Right athletes, wrong jerseys
These athletes became iconic sports figures with one team, then switched uniforms late in their careers. In most cases, they experienced very little success. Either way, it never looked quite right when you saw these athletes in different jerseys, did it?
Broadway Joe made the biggest guarantee in sports history and actually backed it up when he led the New York Jets over the Baltimore Colts in Super Bowl III in 1969. Namath spent the first 12 years of his Hall of Fame career in New York and then . . .
. . . was waived at the end of the 1976 season and signed with the Los Angeles Rams. He played four games in 1977, the last of which ended with four interceptions against the Bears.
Drafted No. 1 overall by the Knicks in 1985, Ewing revitalized the franchise. Although he never brought a title to New York, he was the anchor of the 1990s Knicks teams until . . .
. . . he was traded to the Seattle SuperSonics after the 1999-2000 season. It's considered the symbolic move that led to a woeful decade for the Knicks. Ewing played one year in Seattle and one for the Orlando Magic before retiring in 2002.
Drafted in 1998, Peyton Manning played 13 seasons with the Indianapolis Colts and was released by the team after missing the 2011 season because of neck problems that required four surgeries in the two years. Manning left the Colts with a 1-1 record in Super Bowls and as the NFL's active leader in passing yards (54,828), touchdowns (399) and completions (4,682). Then, on March 20, 2012 . . .
. . . this occurred.
Mays was an icon in New York, then an icon in San Francisco when the Giants moved west in 1958. Considered one of the greatest baseball players in the history of the game, Mays could run, hit and throw. The Hall-of-Famer retired with the second most career home runs. Of those 660 homers, . . .
. . . he hit 14 of them for the New York Mets from 1972-73.
From the beard to the "Immaculate Reception" to the four Super Bowl rings, it's all about the black and gold of the Pittsburgh Steelers when it comes to Harris. Except, of course, for 1984 and . . .
. . . those 170 rushing yards in eight games for the Seattle Seahawks.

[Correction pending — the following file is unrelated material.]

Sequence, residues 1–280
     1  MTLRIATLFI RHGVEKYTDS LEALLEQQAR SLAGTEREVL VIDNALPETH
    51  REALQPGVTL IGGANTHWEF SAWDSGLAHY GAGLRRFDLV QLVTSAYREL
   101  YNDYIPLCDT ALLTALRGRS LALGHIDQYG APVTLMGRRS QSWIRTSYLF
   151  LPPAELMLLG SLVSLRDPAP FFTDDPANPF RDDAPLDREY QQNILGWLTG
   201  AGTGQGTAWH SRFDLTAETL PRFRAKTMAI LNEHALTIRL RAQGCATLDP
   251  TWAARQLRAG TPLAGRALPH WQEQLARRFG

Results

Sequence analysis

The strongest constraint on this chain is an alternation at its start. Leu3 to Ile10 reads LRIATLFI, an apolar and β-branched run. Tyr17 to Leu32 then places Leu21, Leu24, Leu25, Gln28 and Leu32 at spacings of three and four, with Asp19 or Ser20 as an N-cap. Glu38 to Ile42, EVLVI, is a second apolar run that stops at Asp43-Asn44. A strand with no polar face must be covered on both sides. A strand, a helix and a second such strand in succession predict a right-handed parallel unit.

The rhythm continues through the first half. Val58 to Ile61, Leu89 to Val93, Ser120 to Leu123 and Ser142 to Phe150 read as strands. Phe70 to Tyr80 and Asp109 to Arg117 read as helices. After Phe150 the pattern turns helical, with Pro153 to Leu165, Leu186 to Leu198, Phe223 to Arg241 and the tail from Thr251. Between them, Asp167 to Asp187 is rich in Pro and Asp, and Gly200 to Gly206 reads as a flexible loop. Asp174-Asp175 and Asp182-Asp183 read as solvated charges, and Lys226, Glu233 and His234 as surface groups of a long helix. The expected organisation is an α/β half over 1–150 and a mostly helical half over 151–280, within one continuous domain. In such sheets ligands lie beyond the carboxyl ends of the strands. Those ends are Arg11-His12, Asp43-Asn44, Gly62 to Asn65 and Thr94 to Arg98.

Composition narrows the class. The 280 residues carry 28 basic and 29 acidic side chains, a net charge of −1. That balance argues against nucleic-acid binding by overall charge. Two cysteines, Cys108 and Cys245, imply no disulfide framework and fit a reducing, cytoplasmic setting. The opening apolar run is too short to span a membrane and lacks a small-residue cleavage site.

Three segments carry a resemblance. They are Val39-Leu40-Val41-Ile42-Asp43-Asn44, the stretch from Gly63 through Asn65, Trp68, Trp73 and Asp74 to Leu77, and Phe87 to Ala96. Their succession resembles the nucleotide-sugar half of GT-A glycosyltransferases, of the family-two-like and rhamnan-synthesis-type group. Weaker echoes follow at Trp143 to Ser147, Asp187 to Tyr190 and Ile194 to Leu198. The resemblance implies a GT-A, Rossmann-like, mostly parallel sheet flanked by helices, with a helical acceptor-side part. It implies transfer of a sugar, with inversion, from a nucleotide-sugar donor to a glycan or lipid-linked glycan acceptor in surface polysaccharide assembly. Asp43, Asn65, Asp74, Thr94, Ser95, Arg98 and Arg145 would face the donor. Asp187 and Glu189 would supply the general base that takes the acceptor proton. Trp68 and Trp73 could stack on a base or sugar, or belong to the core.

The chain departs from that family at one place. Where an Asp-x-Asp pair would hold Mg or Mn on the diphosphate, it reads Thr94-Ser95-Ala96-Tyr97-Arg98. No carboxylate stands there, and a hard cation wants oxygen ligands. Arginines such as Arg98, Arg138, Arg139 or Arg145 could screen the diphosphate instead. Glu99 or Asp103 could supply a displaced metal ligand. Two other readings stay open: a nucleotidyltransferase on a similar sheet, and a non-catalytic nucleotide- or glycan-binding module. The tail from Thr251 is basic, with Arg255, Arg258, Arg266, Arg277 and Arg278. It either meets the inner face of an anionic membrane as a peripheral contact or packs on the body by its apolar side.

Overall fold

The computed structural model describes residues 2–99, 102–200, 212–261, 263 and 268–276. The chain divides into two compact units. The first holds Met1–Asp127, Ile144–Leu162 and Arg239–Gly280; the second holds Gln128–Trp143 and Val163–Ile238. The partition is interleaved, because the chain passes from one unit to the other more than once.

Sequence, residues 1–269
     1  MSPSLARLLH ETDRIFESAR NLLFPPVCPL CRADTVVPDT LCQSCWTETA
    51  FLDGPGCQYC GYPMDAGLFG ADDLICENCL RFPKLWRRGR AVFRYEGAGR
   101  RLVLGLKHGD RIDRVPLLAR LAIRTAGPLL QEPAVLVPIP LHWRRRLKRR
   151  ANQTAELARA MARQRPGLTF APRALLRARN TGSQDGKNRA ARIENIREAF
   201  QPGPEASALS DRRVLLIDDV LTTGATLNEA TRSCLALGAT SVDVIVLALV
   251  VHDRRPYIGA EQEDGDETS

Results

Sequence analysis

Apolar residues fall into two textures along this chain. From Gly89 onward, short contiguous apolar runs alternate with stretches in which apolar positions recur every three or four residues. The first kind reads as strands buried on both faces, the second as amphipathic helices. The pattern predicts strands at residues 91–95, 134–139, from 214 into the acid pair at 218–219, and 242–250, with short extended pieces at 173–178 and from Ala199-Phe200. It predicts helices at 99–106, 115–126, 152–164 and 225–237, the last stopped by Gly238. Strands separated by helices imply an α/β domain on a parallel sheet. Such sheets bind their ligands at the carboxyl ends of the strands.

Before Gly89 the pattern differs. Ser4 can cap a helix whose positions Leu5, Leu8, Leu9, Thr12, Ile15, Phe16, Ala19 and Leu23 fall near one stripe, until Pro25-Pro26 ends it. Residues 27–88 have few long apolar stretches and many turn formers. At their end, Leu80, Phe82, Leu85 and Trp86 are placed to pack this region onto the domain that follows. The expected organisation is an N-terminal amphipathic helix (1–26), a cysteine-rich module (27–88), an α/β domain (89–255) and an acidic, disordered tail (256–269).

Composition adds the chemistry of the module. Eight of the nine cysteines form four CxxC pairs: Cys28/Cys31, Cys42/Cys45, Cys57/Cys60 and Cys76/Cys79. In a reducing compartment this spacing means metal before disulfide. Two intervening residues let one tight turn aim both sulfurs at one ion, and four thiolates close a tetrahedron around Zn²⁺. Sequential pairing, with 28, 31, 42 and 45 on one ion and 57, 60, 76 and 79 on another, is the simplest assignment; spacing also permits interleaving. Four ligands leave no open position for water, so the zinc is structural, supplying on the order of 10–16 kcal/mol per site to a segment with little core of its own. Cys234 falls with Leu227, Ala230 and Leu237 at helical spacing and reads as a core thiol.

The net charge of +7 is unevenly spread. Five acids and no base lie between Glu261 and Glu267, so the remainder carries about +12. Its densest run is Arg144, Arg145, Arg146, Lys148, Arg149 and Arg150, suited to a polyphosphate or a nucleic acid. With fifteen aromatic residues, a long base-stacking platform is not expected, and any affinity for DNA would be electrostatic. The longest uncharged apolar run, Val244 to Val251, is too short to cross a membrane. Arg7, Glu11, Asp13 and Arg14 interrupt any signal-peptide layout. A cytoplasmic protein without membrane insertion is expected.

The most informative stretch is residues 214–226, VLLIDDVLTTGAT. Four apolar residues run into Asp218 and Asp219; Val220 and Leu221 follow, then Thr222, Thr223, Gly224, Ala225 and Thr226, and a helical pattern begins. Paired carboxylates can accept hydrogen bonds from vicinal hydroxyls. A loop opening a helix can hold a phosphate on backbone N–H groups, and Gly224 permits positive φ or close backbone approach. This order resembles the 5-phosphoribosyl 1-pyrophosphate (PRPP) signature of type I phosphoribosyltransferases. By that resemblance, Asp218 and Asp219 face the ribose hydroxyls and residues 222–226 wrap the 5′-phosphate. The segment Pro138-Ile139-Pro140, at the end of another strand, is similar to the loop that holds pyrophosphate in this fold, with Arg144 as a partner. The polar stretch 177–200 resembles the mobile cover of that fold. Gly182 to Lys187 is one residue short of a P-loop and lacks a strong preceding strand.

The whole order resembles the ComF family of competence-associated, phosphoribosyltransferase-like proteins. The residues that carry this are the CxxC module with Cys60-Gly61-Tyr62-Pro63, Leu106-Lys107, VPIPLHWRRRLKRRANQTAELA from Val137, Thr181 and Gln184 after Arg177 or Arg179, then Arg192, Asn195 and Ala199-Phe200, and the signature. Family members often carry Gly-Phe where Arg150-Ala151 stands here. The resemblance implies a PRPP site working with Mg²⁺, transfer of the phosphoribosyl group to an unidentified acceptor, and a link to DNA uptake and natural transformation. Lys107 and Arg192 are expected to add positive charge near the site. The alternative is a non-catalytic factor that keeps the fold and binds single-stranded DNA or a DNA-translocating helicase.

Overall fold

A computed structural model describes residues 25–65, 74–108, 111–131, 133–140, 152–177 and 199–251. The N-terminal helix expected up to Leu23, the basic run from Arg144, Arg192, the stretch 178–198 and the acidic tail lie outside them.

A Hall-of-Fame running back, Thomas is synonymous with the four straight AFC championships of the Buffalo Bills. He's the only player in NFL history to lead the league in total yards from scrimmage for four consecutive seasons. Guess which four? Thomas eclipsed the 12,000-rushing mark for his career as . . .
. . . a member of the Miami Dolphins in 2000.
"Joe Cool" threw 11 touchdown passes while winning all four Super Bowls he played in with the San Francisco 49ers from 1979-92, including five TDs against Denver in Super Bowl XXIV. One of the NFL's best quarterbacks ever, Montana led the league in completion percentage five times, was a three-time Super Bowl MVP and two-time league MVP. In 2000, he was enshrined in the Pro Football Hall of Fame, but not before . . .
. . . playing the 1993 and 1994 seasons for the Kansas City Chiefs. He went 17-8 as a starter, threw for more 5,400 yards and had 29 touchdown passes in those two seasons.
During his 12 years in the NHL, 10 with the Boston Bruins, Orr revolutionized the position of defenseman with his speed, stick skills and scoring ability. He led the NHL in goals twice, assists five times and points twice. To Boston fans and residents, Orr was considered "the man," the guy every kid emulated on the ice. Which is why 1976-79 . . .
. . . felt so weird with Orr wearing a Chicago Blackhawks sweater.
This man re-invented the game of baseball and became America's first true sports icon. The phrase "out of left field" was created because of Ruth, since he rendered the left-fielder useless during his at-bats. And he did all that for 15 seasons while wearing the Yankees uniform. Of course, there was the whole Boston thing and the Curse of the Bambino before that, but let's not forget . . .
. . . 1938 and his season as first-base coach for the Brooklyn Dodgers.
George won the offensive rookie of the year award with the Houston Oilers, then continued to excel when the franchise moved and became the Tennessee Titans. He never missed a start due to injury between 1996-2003. He totaled 10,441 rushing yards for his career, but . . .